Apply from the Fiscal Edge

Dear Sam the Student:

I've just applied to a bunch of colleges in my area so I can start this fall, but I'm worried I won't get in. Although I graduated from high school, it was in a bit of a roundabout way where I didn't get certain credits necessary for the first year. There's so much work that's gone into this and I really want to get my degree, but I'm worried I won't get accepted anywhere.

Signed, Applying from the Edge


Dear Applying from the Edge:

Although schools profess to having a strict set of criteria for admission, the truth is they'll bend the rules when it suits them and the trick is to understand what those rule-bending magic words are. Write a letter to each school explaining what your circumstances were that caused you to get your high school diploma but not with all the usual classes.

When you write this letter, take a page or two and be really detailed about your cause: are you a visible minority who recently immigrated here and had difficulty adjusting, but took evening English classes? Did you have ill family members to take care, or a part-time job that was a necessity? Colleges like to see growth from their applicants. And as much as they say this is untrue, they also look to fill quotas so see if you can get an in that way.


Dear Sam the Student:

I have a bit of an embarrassing problem- I graduate this semester and only have just over a month's worth of classes, but I can't graduate just yet. The thing is, I owe the library a few hundred dollars in overdue fines and they won't let me graduate until I've paid up.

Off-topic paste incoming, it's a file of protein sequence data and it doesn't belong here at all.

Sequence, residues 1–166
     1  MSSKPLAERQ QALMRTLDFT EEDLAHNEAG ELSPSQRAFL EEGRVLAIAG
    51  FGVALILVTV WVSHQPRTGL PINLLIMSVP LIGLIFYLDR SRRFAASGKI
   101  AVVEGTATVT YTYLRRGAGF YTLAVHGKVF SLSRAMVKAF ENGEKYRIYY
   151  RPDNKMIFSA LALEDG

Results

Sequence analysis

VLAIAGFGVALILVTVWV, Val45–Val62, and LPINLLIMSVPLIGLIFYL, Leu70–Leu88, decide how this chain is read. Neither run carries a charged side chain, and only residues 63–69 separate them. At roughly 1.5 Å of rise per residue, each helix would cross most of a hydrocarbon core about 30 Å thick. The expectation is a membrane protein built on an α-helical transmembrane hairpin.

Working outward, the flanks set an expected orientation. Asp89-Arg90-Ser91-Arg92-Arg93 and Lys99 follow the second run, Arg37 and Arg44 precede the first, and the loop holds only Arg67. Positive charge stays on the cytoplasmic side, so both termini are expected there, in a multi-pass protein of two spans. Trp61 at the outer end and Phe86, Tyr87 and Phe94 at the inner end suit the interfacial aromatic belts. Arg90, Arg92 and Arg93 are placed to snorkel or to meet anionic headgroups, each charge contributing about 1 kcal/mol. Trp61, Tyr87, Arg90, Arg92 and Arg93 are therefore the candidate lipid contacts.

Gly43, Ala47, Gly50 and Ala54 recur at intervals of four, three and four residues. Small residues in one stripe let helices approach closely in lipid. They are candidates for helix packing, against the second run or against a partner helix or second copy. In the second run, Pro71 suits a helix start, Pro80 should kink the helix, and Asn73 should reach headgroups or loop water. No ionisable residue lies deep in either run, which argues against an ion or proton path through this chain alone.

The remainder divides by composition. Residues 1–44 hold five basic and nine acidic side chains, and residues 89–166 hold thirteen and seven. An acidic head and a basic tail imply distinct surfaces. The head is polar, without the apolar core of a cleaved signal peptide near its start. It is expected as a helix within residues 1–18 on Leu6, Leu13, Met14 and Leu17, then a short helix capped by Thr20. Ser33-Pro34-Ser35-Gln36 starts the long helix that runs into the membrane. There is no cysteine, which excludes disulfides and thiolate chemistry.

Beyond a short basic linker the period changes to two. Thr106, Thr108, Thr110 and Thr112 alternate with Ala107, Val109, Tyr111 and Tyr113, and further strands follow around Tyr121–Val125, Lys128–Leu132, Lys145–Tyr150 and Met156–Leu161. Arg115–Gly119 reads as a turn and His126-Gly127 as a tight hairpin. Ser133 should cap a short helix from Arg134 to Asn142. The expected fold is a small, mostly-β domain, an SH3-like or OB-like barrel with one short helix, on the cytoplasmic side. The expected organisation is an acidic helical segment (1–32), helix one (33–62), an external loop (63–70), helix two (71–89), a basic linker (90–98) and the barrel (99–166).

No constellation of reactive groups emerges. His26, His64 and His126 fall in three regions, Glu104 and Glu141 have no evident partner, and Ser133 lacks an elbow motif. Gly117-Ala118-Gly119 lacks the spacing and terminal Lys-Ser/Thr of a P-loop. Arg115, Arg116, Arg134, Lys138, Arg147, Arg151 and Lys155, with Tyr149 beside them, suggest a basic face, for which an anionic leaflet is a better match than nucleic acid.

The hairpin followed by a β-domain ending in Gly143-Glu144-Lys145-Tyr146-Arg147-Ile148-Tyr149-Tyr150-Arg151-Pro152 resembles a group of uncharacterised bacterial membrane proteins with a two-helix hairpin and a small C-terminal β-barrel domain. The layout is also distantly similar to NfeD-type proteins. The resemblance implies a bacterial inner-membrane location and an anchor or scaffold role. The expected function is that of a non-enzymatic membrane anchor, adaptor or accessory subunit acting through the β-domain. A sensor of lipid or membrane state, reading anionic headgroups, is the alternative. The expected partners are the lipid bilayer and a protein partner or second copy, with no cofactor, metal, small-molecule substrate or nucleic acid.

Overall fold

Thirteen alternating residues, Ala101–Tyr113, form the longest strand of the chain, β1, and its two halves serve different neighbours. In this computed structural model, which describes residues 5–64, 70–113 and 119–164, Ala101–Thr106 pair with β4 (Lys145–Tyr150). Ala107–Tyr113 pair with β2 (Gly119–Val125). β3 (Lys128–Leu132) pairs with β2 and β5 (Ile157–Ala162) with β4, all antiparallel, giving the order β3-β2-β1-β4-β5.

Signed, Overdue and Ready to Go


Dear Overdue and Ready to Go:

Well, you've left things a bit late, but not so late that you can't fix them. That being said, it's important to just get this taken care of as soon as possible. If your school was anything like mine, they really take their time getting moving on anything that doesn't benefit themselves.

Talk to your library right away to see what your options are. Obviously, paying the hundreds would be a pretty painful option, but there might be ways around it. I remember at my university, the same thing happened to me, except the amount was much less. No matter how hard I looked for the books, I couldn't find them but I also couldn't quite resign myself to just paying the library. Instead, I negotiated a deal where as long as I provided the books (which I found online for much cheaper), they'd be happy and erase my delinquency.